Fostering School and Family Partnerships

Schools and families both play critical roles in students’ social-emotional and academic success. To meaningfully strengthen these important partnerships, we must first abandon the notion that family engagement is about whether family members attend school events or volunteer in the school buildings. It also includes the things that families do at home with their children (Wilson, 2013). It encompasses both parent voice and presence.

The National PTA describes family engagement as a shared responsibility in which both schools/community organizations and families must be committed to engaging each other and actively supporting their children’s learning and development. It is constant across a child’s life, across contexts, carried out everywhere that children learn (home, pre-k, school, after school programs, faith-based institutions and community programs).

Successful engagement is a continuous, reciprocal process that involves school and family emphasis on shared decision making, consistent two-way communication, collaboration and exchange of knowledge, and creating and sustaining learning activities that extend the school teachings and enhance students’ learning (Halgunseth et al., 2009).

Committee for Children programs incorporate many ways to support family engagement:

  • The Second Step program includes an access code so families can access, which has activities and videos to help families get involved with the program
  • The Second Step and Talking About Touching programs both include Family Letters to communicate to parents about what children are learning in those programs
  • The Second Step program and the new Second Step Bullying Prevention Unit includes a Home Link activity for each week of the program, for the parents and adult family members to complete with their children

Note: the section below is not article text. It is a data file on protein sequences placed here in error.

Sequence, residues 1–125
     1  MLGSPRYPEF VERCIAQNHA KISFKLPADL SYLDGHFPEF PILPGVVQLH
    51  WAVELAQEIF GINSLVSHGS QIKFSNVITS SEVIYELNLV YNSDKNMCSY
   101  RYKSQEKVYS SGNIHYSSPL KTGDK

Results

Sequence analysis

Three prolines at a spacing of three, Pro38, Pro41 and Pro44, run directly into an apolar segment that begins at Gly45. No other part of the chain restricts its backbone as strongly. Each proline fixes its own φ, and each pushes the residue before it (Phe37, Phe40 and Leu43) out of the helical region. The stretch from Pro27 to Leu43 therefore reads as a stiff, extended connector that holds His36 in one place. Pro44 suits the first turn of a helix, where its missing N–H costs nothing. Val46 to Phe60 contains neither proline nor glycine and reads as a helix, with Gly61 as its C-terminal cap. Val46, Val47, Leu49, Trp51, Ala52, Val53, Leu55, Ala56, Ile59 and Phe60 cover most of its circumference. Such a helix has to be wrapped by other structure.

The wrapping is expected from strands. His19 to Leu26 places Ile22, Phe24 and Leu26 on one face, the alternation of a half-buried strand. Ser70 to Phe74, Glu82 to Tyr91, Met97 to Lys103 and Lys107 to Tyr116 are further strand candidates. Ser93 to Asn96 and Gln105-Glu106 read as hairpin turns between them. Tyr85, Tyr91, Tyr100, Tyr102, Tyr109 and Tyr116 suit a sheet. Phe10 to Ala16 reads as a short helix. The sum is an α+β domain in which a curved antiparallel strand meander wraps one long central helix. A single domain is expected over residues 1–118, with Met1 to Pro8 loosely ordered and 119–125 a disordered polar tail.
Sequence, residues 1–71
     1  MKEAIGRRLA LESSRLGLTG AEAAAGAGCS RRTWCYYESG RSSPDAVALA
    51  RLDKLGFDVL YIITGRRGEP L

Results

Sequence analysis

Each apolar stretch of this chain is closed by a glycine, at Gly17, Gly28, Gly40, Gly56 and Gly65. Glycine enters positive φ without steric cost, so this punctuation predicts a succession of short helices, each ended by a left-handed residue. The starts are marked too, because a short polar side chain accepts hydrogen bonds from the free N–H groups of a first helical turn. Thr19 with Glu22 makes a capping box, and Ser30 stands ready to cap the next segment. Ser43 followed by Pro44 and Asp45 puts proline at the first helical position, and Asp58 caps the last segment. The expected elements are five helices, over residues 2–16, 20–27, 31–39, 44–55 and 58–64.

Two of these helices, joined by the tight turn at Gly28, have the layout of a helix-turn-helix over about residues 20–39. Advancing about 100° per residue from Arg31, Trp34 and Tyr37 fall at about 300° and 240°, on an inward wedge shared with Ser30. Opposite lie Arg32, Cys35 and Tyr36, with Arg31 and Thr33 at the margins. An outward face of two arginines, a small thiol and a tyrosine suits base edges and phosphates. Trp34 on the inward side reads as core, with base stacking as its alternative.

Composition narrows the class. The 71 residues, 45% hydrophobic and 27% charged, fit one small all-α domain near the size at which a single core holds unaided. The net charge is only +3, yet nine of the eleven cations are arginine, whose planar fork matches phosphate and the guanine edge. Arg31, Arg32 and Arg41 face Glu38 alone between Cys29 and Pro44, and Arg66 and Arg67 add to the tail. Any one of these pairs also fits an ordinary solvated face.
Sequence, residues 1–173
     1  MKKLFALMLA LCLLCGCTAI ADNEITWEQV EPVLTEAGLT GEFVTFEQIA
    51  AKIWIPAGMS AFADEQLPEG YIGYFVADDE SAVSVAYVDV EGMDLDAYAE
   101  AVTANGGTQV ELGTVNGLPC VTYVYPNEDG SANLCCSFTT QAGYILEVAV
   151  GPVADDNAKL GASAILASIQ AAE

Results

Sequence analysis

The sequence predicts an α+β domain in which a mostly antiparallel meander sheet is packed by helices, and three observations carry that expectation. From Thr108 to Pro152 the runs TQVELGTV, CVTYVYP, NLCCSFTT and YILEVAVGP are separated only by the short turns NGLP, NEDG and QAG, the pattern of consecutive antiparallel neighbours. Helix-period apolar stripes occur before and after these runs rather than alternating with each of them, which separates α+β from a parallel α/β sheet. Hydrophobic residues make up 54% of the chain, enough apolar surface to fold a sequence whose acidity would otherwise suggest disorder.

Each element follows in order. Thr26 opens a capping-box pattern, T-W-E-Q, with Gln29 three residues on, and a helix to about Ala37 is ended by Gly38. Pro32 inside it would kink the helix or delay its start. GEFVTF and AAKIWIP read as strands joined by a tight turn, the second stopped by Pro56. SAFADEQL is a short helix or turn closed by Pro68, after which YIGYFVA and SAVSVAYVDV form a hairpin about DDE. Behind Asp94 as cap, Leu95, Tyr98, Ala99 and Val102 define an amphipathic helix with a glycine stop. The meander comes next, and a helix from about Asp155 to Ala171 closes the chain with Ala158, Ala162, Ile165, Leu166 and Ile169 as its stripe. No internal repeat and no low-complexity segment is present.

• The Talking About Touching program has handouts and an outline for conducting a family night. The kit also includes the What Do I Say Now? video, to help parents and families prevent child sexual abuse 
  • The Steps to Respect bullying prevention Schoolwide Implementation Support Kit includes information for parent trainings

For those of you that are parents and family members of school-aged children, what other ways do you see that schools and communities can better engage you in your children’s social-emotional and academic learning? What are some other ways you have or can collaborate with schools and communities in actively supporting your children? We would love to hear from you.


Halgunseth, L. (2009). Family engagement, diverse families, and early childhood education programs: An 

integrated review of the literature. Young Children, 64(5), 56-58.

Wilson, S. (November 25, 2013). ENGAGE! A need for a common definition. National PTA. Retrieved from: